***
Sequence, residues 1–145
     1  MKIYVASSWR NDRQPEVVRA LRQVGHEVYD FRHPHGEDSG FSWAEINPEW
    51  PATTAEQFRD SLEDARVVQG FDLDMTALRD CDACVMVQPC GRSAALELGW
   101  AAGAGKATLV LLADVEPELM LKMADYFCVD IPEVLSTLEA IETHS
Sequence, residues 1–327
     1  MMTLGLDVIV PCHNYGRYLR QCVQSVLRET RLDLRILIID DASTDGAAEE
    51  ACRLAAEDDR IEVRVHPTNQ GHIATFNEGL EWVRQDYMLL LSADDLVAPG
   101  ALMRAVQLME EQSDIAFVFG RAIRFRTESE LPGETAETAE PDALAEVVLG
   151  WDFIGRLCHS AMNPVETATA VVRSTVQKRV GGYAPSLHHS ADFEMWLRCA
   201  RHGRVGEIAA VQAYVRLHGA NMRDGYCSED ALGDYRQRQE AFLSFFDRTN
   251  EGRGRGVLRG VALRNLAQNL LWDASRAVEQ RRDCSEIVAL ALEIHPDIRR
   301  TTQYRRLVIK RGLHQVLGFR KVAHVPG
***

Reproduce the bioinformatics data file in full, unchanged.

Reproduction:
Sequence, residues 1–145
     1  MKIYVASSWR NDRQPEVVRA LRQVGHEVYD FRHPHGEDSG FSWAEINPEW
    51  PATTAEQFRD SLEDARVVQG FDLDMTALRD CDACVMVQPC GRSAALELGW
   101  AAGAGKATLV LLADVEPELM LKMADYFCVD IPEVLSTLEA IETHS
Sequence, residues 1–327
     1  MMTLGLDVIV PCHNYGRYLR QCVQSVLRET RLDLRILIID DASTDGAAEE
    51  ACRLAAEDDR IEVRVHPTNQ GHIATFNEGL EWVRQDYMLL LSADDLVAPG
   101  ALMRAVQLME EQSDIAFVFG RAIRFRTESE LPGETAETAE PDALAEVVLG
   151  WDFIGRLCHS AMNPVETATA VVRSTVQKRV GGYAPSLHHS ADFEMWLRCA
   201  RHGRVGEIAA VQAYVRLHGA NMRDGYCSED ALGDYRQRQE AFLSFFDRTN
   251  EGRGRGVLRG VALRNLAQNL LWDASRAVEQ RRDCSEIVAL ALEIHPDIRR
   301  TTQYRRLVIK RGLHQVLGFR KVAHVPG